September means a lot of things: schools are in session, football season is getting underway, fairs are wrapping up, and harvest is just around the corner. Since 2008, September has also been a time to reflect on mental health and spend time building awareness of suicide prevention. This is the first in a four-part series on the topic of suicide prevention. In today’s post, we’ll look at the statistics that surround suicide in rural areas and the agriculture community.
According to the CDC, the rate of suicide has increased 46% in rural areas as compared to 27.3% in urban or suburban areas. Imagine a room of 100 people (think of a crowded local restaurant on a Friday night, or a small church on Sunday morning), then imagine adding 46 more people to that room. That visual represents the increase in the rate of suicide in our rural and ag communities. This can be a shocking fact to some people, because there’s a lot of stigma that keeps us from talking about this subject and sharing facts.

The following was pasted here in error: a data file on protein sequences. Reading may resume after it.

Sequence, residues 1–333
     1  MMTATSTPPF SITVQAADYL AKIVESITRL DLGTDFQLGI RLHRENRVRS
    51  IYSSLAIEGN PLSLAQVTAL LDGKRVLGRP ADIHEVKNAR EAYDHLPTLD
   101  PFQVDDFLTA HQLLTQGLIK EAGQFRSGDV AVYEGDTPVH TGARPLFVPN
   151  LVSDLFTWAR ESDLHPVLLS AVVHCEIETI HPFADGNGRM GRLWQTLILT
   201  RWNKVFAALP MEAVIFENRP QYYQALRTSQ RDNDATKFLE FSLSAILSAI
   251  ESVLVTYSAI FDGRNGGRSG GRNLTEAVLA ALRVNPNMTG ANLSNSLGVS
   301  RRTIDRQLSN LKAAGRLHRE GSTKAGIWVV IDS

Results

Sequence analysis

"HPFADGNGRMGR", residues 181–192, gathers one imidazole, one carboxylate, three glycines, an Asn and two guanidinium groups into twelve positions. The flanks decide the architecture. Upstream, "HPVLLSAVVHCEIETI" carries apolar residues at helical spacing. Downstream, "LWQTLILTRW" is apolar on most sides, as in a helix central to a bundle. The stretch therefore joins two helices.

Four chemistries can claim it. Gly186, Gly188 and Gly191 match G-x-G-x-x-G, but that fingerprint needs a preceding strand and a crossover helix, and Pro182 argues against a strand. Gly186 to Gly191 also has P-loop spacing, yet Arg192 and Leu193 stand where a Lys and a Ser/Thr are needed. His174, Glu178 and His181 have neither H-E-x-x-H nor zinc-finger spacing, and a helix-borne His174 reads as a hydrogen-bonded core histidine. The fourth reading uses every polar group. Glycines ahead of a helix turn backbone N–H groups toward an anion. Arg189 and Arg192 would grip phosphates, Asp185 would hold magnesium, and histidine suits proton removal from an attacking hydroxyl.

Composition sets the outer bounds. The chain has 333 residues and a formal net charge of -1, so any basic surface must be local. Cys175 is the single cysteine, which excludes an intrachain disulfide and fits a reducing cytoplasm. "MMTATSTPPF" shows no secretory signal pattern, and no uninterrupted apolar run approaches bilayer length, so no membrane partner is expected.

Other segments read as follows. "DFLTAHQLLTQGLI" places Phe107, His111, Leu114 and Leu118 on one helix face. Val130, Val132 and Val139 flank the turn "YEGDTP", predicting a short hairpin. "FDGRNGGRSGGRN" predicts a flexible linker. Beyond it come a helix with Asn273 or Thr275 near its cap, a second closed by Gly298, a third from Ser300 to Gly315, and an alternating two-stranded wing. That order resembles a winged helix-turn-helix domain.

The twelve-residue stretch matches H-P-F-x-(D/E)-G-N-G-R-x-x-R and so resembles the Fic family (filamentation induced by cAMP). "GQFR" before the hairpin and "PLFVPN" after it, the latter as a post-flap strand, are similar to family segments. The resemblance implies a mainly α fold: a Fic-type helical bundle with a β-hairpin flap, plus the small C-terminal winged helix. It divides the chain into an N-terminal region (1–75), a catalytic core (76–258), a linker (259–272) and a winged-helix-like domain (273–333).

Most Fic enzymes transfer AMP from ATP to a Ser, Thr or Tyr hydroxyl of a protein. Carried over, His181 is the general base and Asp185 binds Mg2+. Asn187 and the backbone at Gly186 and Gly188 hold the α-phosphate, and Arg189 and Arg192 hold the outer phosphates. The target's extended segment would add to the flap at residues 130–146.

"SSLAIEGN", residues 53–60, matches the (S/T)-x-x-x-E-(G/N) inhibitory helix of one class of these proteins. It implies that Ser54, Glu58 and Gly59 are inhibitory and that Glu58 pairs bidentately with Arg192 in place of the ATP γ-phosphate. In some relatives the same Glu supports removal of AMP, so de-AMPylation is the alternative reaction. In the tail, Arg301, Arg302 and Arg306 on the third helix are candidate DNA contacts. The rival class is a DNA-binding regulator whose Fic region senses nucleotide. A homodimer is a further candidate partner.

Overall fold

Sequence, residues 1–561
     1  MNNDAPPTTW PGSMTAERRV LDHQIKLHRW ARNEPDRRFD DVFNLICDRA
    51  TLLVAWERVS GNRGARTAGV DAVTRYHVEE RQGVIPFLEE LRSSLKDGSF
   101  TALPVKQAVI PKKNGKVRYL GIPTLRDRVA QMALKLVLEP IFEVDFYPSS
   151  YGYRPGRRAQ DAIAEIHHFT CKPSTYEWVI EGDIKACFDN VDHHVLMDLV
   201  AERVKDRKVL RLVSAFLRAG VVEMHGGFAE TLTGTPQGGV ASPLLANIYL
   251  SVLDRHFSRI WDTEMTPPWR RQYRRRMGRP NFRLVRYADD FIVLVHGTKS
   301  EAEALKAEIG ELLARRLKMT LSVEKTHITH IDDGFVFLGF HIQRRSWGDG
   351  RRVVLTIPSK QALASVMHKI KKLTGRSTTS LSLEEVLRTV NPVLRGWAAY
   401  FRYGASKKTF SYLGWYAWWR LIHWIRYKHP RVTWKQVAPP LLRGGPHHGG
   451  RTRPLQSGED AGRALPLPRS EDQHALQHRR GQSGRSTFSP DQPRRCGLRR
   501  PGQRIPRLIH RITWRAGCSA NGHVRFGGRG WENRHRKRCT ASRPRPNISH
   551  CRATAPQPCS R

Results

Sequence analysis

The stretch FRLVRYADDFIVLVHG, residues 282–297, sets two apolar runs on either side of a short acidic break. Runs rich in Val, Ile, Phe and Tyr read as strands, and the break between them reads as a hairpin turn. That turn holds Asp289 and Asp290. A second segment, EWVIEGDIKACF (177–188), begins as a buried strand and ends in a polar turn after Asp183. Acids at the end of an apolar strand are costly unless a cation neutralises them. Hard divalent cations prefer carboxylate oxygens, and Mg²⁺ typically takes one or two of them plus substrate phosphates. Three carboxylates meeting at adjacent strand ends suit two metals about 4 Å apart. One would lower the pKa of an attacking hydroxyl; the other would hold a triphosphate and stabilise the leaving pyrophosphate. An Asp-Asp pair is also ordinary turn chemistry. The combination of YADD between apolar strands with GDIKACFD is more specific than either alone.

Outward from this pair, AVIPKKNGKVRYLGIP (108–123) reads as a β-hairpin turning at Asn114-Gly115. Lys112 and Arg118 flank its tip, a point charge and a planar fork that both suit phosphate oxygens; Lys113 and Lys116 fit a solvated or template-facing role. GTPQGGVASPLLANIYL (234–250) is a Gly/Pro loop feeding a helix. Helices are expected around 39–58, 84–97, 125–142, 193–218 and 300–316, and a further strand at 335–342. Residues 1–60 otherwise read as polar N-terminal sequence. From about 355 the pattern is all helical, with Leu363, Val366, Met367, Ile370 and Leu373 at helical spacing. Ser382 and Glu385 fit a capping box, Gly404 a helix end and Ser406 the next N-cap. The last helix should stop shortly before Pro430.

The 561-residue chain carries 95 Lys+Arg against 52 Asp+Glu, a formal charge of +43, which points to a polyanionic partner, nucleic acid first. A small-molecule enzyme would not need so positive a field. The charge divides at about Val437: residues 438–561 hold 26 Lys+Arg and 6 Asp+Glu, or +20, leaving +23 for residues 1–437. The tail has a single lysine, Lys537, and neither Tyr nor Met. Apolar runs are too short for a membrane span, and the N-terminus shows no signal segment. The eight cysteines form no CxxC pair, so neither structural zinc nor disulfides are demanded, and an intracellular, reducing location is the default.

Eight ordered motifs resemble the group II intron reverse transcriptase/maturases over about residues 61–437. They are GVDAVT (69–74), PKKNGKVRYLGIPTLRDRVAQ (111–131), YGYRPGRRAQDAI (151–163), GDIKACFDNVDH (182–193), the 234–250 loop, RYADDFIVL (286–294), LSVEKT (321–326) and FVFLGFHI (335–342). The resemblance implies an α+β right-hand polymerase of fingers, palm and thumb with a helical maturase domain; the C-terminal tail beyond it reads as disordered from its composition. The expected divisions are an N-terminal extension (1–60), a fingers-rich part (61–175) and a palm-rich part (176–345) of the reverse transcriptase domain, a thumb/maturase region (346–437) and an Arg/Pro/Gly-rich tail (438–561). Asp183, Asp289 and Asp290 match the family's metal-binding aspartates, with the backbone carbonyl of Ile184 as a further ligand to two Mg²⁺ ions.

There are a lot of reasons this number is going up. Part of it may be that reporting guidelines have changed, and we’re simply seeing a clearer picture of what is happening in our communities. At the same time, it’s more likely that stressors such as economic uncertainty, cultural pressures, and lack of preventative care have contributed to these increased rates.
Suicide is an uncomfortable topic, but having a true picture of the magnitude of the problem is the first step in addressing the issue and helping friends, family, and neighbors who may be considering suicide. Throughout the rest of the month, we’ll look at ways we can build our awareness and share resources with others if needed.
If you or a loved one are having thoughts of suicide, call 911 immediately. You can also reach the Suicide and Crisis Prevention lifeline by dialing or texting 988, and a trained professional will help you through the crisis and connect you with resources and other support.